Does that make CenturyLink a no-go and AT&T a surefire buy? Well, it depends on what you're looking for and your risk tolerance. If it's a dependable high yield with a solid chance for regular increases, then AT&T is the way to go. Its 5.5% yield is double the market average, and its low payout ratio, decent prospects for modest growth, and management's commitment to the dividend make it ideal if you want a predictable payout.
On the other hand, if you're willing to take on some risk (as I have) to potentially capture a double-digit yield, then CenturyLink deserves a look as a high-risk, high-reward investment. Just bear in mind that the entire thesis hinges on management successfully delivering on the cost-savings and cash-flow growth from its integration of Level 3 Communications, which it acquired last year. Management says the company will be free cash flow positive after paying the dividend in 2018, a major milestone that would be huge in protecting the payout. Furthermore, the company continues to project $975 million in adjusted EBITDA -- earnings before interest, taxes, depreciation, and amortization -- synergies over the next several years.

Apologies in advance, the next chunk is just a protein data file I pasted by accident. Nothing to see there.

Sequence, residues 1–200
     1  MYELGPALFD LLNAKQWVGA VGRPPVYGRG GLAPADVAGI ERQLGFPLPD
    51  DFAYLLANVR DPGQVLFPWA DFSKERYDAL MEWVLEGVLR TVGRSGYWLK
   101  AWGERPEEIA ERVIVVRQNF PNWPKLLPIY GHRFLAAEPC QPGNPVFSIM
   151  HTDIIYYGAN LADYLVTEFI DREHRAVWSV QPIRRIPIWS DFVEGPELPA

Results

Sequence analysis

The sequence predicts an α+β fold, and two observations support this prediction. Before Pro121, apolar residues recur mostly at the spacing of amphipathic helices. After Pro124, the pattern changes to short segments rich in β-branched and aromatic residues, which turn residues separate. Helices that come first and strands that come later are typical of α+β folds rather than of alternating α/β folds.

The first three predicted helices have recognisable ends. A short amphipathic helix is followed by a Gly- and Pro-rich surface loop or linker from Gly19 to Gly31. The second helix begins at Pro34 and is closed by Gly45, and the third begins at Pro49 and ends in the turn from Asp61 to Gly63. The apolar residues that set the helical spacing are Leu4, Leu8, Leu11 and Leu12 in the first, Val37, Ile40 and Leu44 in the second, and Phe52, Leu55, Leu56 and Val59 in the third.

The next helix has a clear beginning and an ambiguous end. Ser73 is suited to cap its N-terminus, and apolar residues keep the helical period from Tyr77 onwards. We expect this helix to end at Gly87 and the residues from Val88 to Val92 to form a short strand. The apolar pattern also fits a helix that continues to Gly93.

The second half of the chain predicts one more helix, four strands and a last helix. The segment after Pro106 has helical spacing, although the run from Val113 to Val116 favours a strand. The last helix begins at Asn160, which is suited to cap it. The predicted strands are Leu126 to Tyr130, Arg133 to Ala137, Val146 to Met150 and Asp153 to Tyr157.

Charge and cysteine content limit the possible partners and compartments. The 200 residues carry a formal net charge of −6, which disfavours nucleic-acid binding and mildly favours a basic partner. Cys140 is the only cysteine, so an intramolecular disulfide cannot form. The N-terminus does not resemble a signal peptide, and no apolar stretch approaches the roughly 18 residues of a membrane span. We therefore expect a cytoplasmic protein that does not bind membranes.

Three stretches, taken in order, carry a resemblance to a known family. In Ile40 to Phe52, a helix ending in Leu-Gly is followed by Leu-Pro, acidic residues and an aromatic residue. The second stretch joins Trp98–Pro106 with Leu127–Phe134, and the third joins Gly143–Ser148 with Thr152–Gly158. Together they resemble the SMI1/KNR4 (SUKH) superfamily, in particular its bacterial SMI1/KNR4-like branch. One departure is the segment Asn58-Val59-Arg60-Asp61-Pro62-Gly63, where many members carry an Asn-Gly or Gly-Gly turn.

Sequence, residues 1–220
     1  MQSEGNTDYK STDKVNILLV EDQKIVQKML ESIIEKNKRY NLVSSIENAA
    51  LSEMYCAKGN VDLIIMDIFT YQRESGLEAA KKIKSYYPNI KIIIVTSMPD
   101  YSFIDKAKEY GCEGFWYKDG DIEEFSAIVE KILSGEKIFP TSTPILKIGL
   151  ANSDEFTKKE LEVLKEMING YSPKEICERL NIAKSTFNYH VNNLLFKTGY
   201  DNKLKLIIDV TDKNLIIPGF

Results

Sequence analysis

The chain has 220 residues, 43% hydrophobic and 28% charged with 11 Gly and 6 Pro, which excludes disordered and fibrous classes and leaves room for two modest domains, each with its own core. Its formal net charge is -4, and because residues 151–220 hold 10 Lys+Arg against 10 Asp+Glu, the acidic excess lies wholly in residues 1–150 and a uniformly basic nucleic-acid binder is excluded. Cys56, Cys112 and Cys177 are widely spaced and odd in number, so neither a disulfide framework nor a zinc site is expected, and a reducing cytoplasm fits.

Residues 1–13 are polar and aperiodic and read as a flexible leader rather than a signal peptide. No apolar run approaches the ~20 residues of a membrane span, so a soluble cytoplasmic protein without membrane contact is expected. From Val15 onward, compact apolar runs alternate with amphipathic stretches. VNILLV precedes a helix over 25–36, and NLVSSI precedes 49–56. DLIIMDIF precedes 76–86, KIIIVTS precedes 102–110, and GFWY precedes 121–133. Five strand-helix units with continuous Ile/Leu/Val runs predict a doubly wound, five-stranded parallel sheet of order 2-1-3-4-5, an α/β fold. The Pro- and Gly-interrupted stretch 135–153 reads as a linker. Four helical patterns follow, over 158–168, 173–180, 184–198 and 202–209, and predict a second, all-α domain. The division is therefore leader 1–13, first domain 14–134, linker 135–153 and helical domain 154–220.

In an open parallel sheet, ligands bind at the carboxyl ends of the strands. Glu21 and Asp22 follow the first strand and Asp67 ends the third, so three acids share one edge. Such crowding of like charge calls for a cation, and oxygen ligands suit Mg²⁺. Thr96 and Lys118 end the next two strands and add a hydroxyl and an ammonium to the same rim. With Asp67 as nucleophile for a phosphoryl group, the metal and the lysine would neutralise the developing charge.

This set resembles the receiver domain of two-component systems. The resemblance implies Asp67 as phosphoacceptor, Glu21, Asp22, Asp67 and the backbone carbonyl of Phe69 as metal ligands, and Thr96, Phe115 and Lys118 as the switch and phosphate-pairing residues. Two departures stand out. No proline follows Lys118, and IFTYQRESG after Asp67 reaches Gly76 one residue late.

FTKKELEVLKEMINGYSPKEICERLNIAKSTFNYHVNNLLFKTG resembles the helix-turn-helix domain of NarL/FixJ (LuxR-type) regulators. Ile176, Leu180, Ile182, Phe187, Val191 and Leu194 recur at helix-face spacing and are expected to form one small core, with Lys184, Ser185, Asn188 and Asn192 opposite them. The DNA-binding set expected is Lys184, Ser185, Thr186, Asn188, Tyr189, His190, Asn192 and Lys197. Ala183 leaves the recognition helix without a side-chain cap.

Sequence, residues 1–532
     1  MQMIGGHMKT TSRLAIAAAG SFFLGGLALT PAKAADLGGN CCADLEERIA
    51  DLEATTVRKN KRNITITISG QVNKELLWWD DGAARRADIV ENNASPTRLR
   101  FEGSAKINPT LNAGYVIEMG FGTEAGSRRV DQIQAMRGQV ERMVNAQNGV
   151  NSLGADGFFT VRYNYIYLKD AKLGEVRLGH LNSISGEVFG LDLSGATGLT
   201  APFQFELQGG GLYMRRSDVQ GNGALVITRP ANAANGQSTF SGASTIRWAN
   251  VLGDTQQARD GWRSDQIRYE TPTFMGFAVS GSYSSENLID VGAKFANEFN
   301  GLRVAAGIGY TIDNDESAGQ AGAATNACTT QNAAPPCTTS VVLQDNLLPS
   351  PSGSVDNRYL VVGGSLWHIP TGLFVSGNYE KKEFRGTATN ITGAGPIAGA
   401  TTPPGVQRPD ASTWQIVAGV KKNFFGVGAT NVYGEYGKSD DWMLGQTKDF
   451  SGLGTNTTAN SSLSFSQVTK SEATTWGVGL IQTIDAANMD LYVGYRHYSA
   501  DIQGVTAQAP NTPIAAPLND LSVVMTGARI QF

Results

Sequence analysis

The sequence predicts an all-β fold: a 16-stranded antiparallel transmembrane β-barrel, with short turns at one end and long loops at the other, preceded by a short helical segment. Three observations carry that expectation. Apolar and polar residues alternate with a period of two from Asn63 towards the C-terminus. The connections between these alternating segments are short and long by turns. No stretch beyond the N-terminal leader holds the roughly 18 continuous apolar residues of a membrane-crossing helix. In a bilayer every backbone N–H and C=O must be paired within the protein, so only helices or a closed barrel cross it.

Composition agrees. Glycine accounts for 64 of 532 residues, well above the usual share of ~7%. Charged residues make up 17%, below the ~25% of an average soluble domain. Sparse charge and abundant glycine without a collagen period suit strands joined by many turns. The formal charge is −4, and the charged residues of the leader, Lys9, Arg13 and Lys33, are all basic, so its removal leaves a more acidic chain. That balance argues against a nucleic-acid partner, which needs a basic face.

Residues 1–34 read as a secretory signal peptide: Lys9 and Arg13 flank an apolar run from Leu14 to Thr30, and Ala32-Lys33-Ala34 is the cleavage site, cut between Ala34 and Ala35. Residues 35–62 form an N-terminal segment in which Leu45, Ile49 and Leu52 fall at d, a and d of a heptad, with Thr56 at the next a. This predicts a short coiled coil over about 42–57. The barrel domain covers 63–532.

And there has been some modest progress since the Level 3 merger, but at this stage, an investment in CenturyLink is heavily weighted on promises and could turn out to be a yield trap if management fails to deliver.
A retail real estate opportunity and a struggling retailer to avoid